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If your 3yo language disordered dc can read/write

(29 Posts)
sammythemummy Tue 18-Feb-14 17:45:06

Small CVC words, where are they now?

Did they grow up with a learning disability or did they thrive in school?

Please share smile

ProfessorSkullyMental Tue 18-Feb-14 18:23:27

can you expand on what you mean by 3yo language disordered?

my 7yo didnt speak until he was 3.5 and at nursery, but i dont know if thats what you mean to share the rest smile

chocnomore Tue 18-Feb-14 18:56:06

no first hand expience. have you googled hyperlexia? according to wikipedia hyperlexia can go hand in hand with speech/language difficulties.

sammythemummy Tue 18-Feb-14 19:14:18

She's delayed but slowly getting better.

The type of sentences she will say are:

"Mum, (her name) don't want to go home"

"You turn" instead of "your"

"Can I water please?" Forgetting the "have"

Sometimes muddles up her I want with I don't want.

Im not really after a dx (got hfa dx) I just wanted to know in terms of learning disability

zzzzz Tue 18-Feb-14 19:26:38

Ds1 could read cvc words at that age. He is still language disordered at 8.
School was too hard (not the core academic bit). He is HE and lovely.

I've no idea where we're going. grin. ROLLERCOASTER. grin

sammythemummy Tue 18-Feb-14 19:48:37

Can he read/write fluently now zzzz?

Would you say he doesn't have a learning disability?

professor I meant to share where your children are in terms of education

zzzzz Tue 18-Feb-14 20:16:23

I don't really understand what a learning disability is??? blush

Ds1 is very very smart but he accesses the world through a very poor interface. The angry age disorder hasn't gone away. He's older so he knows more words and has learnt some sentence structures. He still struggles in the same way he would be if he was overcoming deafness or blindness. He's just older now.

He can read (Gruffalo rather than paperback). He has hypermobile hands so writing is never going to be easy. He can do basic maths and occasionally age appropriate maths (the issue is language not mathematical ability so graphs easy peasy, wordy question more difficult).

He has no self preservation type skills, so roads, stranger danger etc still toddler level.

Other people find him very disabled, me less so.

zzzzz Tue 18-Feb-14 20:17:02

Angry age=language shock

coppertop Tue 18-Feb-14 20:26:38

Ds really only started talking at around 3yrs. He referred to himself in the 3rd person until he was about 5'ish, and everyone (male or female) was "he".

He started to read out random words from 2+yrs. and hyperlexia was mentioned but not diagnosed. He had a dx of HFA.

He's now 13yrs old and you would never guess that he ever had language difficulties. He's doing very well at school.

AgnesDiPesto Tue 18-Feb-14 20:34:10

DS1 is similar to zzzz's DS
He has classic moderate autism dx. Very disordered language. He could read at 2-3. He is now 7 and can read at age 8 level.
His understanding is probably about age 3-4 level.
His expressive language is about the level your DD sentences are now. He struggles to think of / find the right word although he can understand if others say them.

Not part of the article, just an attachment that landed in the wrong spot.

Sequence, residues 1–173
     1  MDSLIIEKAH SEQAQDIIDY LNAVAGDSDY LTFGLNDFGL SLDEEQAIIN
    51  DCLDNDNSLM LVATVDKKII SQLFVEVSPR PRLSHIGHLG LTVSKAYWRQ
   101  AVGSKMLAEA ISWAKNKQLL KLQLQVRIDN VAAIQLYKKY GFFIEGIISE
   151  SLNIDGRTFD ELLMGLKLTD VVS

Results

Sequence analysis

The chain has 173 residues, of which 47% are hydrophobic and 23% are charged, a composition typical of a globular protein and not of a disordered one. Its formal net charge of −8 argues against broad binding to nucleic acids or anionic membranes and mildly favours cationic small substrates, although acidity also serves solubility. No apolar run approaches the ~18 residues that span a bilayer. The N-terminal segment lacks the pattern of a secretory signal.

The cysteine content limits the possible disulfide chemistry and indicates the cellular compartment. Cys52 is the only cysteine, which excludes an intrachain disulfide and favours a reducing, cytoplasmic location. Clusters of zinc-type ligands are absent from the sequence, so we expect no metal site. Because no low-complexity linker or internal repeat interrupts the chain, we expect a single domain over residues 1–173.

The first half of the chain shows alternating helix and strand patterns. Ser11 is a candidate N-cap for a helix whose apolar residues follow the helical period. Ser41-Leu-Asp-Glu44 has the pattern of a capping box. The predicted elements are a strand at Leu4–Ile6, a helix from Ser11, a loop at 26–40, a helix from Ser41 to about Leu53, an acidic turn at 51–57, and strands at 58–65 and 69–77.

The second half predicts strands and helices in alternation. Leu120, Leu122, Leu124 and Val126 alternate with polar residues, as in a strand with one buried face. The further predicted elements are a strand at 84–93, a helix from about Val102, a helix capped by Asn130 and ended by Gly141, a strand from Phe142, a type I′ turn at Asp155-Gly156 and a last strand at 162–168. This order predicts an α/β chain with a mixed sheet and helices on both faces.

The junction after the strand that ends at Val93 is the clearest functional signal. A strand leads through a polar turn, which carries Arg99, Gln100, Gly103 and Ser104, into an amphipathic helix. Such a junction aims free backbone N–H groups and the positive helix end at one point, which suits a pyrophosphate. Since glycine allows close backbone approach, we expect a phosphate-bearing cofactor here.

He is age appropriate with mathematical aspects of maths, behind with word problems
He knows all his times tables up to 14, instantly! He can recite books by heart. Very very bright and quick to learn things that interest him.
He reads picture not chapter books still. Still likes toddler type stories and cartoons.
No sense of danger, understanding of world etc
His memory is amazing but often learns without understanding.
In terms of the phrases used by my LA he does not have a 'learning disability' - by which they mean below normal range IQ (here they say a LD means IQ below 70). His IQ was tested for tribunal at age 3 and was 90 but believed to have a true IQ above this (he wasn't very co-operative with the test at 3!). Within that his verbal and non verbal IQ are vastly different.
His autism and language disorder are clearly very disabling though! Here they would call that 'learning difficulties'.
His ABA supervisor explains it in terms of his learning difficulties and split skills are explained by his autism, he doesn't have any additional learning disability on top of his autism.

PolterGoose Tue 18-Feb-14 20:36:50

Learning disability usually means IQ under 70, so a dx of HFA would mean no learning difficulty per se, but children (adults too) can have sky high IQ and have significant problems learning or a child/adult might have an IQ that signifies a learning disability but has really good functional skills, compliance etc that makes learning new skills easier.

Are you saying your dd is reading and writing CVC words?

AgnesDiPesto Tue 18-Feb-14 20:39:22

I didn't answer the bit about school! I would not say he thrives at school. He thrives in 1:1 / with ABA. He could not manage mainstream without specialist support. There is a benefit to him being (PT) in mainstream for now, less sure about the medium to longer term. He still needs language concepts specifically taught. He does pick up some language himself now but its like watching a DVD a frame at a time, its incredibly slow. He still can't have a conversation and has never asked a why question.

sammythemummy Tue 18-Feb-14 20:54:51

Just been reading on hyperplaxia copper a lot of the descriptions fit my dd, interesting read.

Zzzz I think agnes described what I meant by learning disability, in terms of IQ.

copper how did your ds learn about pronouns? My dd switches from using her name to using I, on her own. She refuses to say she or he and says their names instead.

Actually I do recall saying "he's my friend" when asking about another child. But I suspect she's copied that from her peers.

Yes polter but obviously it's only some words and her name.

Ifcatshadthumbs Tue 18-Feb-14 20:59:24

Ds has a language disorder/asd he's 6 now and he's reading ORT Stage 2. Something's clicked with reading in the last couple of months and he's making good progress.

sammythemummy Tue 18-Feb-14 21:01:26

Zzz I love angry age disorder... What are the symptoms? grin

agnes that was very informative, thank you so much. Iv just started ABA with her but they're just concentrating on her social skills, so we're setting up a nursery programme.